'Made of Honor'
EmptyYou know from a song list that includes Smash Mouth, Lenny Kravitz and Kanye West that "Made of Honor" has something a bit edgier in mind than the usual, soft-focused wedding bell high jinks.
For the most part, that's exactly what it delivers — an amusing, smartly cast romantic comedy told from a guy's perspective. Given that the lead in question is none other than Dr. McDreamy himself, Patrick Dempsey, the Columbia Pictures release should perform honorably with its targeted female audience but perhaps not as strongly as Sony might like, considering that its competition comes in the form of an equally appealing Robert Downey Jr. in "Iron Man," opening the same day.
There's also the fact that male-centric rom-coms traditionally tend not to perform as strongly as those told from a female POV, but there's still much to appreciate here.
Dempsey takes full advantage of the chance to play things considerably faster and looser than he does on "Grey's Anatomy" in the role of Tom, a career dater who doesn't believe in going out with the same woman two nights in a row. He's a successful businessman — he invented those cardboard sleeves that go around hot takeout coffee cups — but an emotional cripple, which is why he's never been able to own up to his true feelings for his taken-for-granted best friend, Hannah (a sparkling Michelle Monaghan).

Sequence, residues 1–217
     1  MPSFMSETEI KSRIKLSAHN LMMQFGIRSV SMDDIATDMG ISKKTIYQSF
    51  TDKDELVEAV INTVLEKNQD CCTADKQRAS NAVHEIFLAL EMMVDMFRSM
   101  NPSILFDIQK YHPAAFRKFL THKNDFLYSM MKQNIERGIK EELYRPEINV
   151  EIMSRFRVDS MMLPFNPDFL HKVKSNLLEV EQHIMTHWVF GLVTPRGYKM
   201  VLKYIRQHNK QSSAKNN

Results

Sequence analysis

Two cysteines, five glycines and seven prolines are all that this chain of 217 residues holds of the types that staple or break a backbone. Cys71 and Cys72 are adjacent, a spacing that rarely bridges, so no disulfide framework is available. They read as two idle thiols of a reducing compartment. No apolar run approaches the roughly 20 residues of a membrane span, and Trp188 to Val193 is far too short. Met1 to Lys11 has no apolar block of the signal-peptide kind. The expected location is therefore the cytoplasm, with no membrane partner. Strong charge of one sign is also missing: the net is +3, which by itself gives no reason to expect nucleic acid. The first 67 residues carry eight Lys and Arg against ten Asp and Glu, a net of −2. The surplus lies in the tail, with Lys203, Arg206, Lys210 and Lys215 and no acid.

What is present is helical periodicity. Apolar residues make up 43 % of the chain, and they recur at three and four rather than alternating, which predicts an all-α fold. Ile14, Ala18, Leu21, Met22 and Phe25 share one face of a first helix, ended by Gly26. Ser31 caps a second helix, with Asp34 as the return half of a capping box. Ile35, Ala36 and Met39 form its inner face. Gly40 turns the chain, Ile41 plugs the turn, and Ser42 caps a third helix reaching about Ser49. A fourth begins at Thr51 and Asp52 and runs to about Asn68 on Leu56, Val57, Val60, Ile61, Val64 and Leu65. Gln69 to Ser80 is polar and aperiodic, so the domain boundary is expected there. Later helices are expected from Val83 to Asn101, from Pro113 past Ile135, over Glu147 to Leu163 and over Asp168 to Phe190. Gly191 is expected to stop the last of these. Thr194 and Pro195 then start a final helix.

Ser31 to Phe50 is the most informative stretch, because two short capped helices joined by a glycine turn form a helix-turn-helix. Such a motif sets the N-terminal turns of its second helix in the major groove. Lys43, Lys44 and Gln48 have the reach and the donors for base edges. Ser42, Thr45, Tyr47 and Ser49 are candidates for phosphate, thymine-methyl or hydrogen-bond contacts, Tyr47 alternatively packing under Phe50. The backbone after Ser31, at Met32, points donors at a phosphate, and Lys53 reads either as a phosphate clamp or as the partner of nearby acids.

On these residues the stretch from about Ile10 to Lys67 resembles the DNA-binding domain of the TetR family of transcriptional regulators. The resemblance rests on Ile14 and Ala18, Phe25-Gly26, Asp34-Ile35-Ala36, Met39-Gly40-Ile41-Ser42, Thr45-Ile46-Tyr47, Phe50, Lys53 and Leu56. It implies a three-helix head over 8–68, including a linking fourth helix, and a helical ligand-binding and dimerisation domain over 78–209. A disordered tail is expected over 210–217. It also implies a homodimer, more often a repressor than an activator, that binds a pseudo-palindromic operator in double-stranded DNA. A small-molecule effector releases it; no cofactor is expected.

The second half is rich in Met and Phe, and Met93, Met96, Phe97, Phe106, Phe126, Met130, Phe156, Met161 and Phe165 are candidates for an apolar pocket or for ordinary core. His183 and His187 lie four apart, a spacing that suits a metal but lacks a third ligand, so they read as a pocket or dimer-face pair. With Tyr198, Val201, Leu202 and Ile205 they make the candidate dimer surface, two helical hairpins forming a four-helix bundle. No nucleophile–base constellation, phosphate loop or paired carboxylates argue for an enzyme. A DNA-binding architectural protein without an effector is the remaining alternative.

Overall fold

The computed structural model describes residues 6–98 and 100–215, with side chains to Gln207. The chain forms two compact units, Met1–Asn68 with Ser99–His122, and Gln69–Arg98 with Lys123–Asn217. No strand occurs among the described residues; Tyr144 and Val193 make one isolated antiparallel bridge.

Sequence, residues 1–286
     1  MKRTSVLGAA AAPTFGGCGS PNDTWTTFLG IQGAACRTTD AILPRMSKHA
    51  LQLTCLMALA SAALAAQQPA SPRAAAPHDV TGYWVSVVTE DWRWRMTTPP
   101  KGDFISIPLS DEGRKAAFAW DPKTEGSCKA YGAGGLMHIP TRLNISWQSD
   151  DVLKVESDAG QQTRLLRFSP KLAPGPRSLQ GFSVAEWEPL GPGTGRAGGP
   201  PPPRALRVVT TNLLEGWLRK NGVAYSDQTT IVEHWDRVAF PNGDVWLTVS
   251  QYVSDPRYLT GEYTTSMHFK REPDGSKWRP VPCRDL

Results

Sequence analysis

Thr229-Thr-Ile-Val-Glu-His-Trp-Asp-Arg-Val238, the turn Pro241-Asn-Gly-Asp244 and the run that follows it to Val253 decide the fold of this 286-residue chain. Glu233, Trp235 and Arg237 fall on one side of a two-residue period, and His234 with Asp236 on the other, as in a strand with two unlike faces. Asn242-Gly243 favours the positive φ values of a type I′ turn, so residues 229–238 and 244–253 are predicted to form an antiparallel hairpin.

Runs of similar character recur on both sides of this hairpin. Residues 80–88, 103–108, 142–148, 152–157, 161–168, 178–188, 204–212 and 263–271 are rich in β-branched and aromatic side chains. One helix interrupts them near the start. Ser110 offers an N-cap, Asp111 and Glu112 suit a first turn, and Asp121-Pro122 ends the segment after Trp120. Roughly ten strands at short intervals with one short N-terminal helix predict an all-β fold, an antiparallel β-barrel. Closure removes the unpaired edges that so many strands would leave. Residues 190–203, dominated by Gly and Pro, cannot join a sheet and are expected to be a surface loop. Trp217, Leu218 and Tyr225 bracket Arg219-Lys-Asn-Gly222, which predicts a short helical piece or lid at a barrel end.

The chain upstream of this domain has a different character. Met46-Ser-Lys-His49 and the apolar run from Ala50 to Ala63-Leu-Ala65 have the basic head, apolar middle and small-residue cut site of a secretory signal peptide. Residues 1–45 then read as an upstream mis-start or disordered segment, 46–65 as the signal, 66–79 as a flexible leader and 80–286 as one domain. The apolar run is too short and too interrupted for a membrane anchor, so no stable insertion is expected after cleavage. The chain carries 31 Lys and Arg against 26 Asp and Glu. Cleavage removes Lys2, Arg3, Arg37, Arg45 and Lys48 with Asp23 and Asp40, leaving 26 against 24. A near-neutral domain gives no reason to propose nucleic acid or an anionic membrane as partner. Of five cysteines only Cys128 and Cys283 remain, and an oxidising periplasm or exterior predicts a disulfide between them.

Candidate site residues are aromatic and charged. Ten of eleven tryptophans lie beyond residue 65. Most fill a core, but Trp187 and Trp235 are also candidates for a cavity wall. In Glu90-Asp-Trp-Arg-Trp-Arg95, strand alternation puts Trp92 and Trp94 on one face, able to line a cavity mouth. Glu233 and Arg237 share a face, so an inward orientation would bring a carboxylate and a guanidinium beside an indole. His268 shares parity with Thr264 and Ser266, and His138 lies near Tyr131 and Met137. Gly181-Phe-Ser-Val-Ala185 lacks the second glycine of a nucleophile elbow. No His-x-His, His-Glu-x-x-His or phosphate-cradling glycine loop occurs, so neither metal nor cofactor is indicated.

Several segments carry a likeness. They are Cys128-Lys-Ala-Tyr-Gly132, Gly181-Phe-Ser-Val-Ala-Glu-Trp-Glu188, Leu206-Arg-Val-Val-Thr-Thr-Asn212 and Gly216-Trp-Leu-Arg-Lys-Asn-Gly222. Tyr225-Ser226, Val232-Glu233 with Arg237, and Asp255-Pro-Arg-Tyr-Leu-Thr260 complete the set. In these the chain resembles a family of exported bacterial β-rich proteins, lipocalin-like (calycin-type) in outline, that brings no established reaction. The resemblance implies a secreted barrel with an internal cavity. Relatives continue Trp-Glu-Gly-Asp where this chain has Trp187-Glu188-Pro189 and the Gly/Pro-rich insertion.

Absence makes the heart grow fonder when she goes off on a six-week business trip to Scotland. But just when Tom's about to spill his guts to her, she introduces him to her Highland fling-turned-fiance, Colin (Kevin McKidd), and asks Tom to be her maid of honor.
Tom proceeds to go through the usual machinations to prevent the marriage, and though the film grows more conventional in the process, there's sufficient pointed wit in this first script by Adam Sztykiel along with Deborah Kaplan & Harry Elfont and finely tuned comic timing in Englishman Paul Weiland's direction.
Even more refreshing is the fact that there's a tangible chemistry between Dempsey and Monaghan that makes it easy to root for them as the meant-to-be couple. Meanwhile, the always welcome Sydney Pollack makes the most of his few scenes as Dempsey's serial-marrying dad. Kathleen Quinlan does likewise as Monaghan's perceptive mom. (partialdiff)